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The Pamphlet Collection of Sir Robert Stout: Volume 76

Iceland and Its People

Iceland and Its People.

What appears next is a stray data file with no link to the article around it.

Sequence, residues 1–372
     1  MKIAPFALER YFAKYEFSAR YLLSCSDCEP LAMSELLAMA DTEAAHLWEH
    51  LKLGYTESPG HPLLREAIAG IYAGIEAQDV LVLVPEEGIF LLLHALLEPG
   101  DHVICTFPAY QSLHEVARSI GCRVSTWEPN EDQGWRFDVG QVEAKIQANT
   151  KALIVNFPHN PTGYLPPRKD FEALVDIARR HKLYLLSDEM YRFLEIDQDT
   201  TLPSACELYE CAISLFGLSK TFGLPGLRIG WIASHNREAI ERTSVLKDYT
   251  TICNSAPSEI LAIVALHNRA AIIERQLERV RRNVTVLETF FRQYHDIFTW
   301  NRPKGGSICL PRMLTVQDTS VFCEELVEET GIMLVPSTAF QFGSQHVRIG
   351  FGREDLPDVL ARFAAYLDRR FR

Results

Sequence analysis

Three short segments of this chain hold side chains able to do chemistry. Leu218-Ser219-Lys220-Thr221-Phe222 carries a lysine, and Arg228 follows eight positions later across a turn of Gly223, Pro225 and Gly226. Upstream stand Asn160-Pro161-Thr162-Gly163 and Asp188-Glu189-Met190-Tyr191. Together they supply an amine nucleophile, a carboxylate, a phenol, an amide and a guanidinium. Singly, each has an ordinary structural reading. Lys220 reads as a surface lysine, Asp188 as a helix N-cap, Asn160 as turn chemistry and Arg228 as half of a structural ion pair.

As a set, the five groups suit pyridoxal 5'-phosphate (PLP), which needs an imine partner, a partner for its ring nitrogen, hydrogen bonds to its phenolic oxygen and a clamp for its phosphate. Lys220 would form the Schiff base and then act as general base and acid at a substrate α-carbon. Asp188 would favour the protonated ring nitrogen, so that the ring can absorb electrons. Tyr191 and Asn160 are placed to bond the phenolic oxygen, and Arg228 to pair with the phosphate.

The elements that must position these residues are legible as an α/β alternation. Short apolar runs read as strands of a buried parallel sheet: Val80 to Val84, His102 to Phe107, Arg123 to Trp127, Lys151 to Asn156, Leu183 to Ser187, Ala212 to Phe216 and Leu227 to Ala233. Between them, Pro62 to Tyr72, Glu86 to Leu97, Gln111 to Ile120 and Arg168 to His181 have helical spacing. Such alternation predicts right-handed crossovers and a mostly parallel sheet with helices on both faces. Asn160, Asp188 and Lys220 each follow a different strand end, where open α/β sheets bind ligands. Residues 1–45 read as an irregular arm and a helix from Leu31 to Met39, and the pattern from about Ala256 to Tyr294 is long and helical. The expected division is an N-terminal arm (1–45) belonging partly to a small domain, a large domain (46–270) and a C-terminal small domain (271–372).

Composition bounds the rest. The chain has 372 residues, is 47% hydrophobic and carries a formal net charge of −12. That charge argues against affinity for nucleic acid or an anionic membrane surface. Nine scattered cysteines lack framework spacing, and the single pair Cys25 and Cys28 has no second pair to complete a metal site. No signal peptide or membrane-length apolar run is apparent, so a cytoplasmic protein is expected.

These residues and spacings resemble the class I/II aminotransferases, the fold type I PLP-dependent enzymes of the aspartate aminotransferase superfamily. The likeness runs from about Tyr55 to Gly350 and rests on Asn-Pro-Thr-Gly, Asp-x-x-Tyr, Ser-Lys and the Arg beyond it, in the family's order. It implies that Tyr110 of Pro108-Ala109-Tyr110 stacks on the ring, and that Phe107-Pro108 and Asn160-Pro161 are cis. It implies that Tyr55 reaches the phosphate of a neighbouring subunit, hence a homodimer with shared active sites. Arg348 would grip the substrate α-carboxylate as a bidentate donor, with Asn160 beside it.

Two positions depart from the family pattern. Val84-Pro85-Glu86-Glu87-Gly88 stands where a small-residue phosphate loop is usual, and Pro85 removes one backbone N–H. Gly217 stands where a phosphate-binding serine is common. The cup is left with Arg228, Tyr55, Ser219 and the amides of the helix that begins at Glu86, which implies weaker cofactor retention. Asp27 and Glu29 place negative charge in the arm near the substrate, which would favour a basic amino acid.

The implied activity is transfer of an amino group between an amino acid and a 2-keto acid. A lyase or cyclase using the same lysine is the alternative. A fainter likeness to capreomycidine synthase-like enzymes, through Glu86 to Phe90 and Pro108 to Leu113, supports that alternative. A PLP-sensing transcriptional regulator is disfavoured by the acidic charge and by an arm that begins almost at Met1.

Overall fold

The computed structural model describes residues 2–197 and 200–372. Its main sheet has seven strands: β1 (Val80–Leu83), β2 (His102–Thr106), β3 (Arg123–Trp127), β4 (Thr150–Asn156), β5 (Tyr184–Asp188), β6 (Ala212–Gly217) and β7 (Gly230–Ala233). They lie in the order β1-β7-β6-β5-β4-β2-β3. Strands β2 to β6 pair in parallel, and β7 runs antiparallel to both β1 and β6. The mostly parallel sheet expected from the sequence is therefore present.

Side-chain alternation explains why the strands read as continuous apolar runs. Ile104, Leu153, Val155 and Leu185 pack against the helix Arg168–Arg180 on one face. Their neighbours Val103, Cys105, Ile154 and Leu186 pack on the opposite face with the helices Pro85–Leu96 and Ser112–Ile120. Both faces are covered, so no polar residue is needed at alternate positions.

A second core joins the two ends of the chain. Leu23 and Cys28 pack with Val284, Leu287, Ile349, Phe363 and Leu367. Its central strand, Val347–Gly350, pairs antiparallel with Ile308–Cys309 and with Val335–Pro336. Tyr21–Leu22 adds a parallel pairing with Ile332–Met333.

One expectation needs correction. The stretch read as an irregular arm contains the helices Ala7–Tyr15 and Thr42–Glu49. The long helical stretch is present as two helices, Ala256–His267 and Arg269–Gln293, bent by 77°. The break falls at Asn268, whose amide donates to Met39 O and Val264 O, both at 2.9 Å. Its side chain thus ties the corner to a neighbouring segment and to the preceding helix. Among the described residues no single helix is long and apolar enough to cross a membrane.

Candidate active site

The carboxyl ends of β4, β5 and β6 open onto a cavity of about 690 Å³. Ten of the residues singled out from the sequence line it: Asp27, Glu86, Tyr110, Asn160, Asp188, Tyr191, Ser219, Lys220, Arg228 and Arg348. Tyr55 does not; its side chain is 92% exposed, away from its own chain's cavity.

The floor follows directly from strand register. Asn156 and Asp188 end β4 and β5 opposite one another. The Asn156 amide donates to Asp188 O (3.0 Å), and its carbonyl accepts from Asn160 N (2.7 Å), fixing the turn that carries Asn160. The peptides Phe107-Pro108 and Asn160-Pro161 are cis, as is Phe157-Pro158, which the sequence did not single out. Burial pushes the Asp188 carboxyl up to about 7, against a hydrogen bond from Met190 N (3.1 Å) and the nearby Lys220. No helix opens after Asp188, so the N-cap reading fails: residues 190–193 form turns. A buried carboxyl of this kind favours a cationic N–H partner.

It is a far cry from the verdant islands and genial climate of the sunny Pacific to the stern, stormy, and ice-bound shores of Iceland, in the Arctic Ocean; where, however, in the summer months there is really no hardship in travelling. It is true there are no graceful palm trees, or even pines, to give shelter to the rude turf-covered homes of the country people; but at page 72 Reykiavik, the chief town, there are fairly good houses, mostly constructed of timber, and simple hotels for accommodation to travellers. I journeyed on horseback over a great part of the country as far as Mount Hecla and the famous geysers, meeting with kind hospitality from the good Lutheran pastors, who, like the doctors, have very wide districts to serve, and with very small remuneration; but they are intelligent and zealous for the welfare of the people under their care. There are some good elementary schools in the island, but most of the professional men are educated at Copenhagen. The Icelanders aie an industrious and sober people, chiefly engaged in fishing and rearing small-sized horses and fine-wooled sheep, fed on the natural grass, which is cut in summer and stacked for winter use. Unfortunately, the ashes thrown up by Mount Hecla and other great volcanoes in the island are gradually lessening the area of the grass-producing lands, so that many of the Icelanders emigrate every year to America. Iceland possesses a literature of Sagas, or historic poems, of a very high order, and believed to record with great accuracy the heroic deeds of the chiefs who came from Norway to escape from despotic government and to establish a Republic, which, after long years, came through many vicissitudes, and has now become a Liberal Constitution, given to it by the present King of Denmark, their lawful Sovereign. The Icelanders page 73 claim that their ancestors were the first discoverers of the North-East Coast of America, and there planted small colonies whose history became lost in obscurity.